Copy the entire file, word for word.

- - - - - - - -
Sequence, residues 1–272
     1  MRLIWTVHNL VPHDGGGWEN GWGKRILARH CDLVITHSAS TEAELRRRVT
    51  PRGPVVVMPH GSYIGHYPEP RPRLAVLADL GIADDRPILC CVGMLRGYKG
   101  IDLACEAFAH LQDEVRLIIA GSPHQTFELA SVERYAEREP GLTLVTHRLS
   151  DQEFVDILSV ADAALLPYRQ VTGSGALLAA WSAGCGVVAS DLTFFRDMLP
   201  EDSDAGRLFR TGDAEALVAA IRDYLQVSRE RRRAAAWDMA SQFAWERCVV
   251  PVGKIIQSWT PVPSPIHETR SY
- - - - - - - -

Sequence, residues 1–272
     1  MRLIWTVHNL VPHDGGGWEN GWGKRILARH CDLVITHSAS TEAELRRRVT
    51  PRGPVVVMPH GSYIGHYPEP RPRLAVLADL GIADDRPILC CVGMLRGYKG
   101  IDLACEAFAH LQDEVRLIIA GSPHQTFELA SVERYAEREP GLTLVTHRLS
   151  DQEFVDILSV ADAALLPYRQ VTGSGALLAA WSAGCGVVAS DLTFFRDMLP
   201  EDSDAGRLFR TGDAEALVAA IRDYLQVSRE RRRAAAWDMA SQFAWERCVV
   251  PVGKIIQSWT PVPSPIHETR SY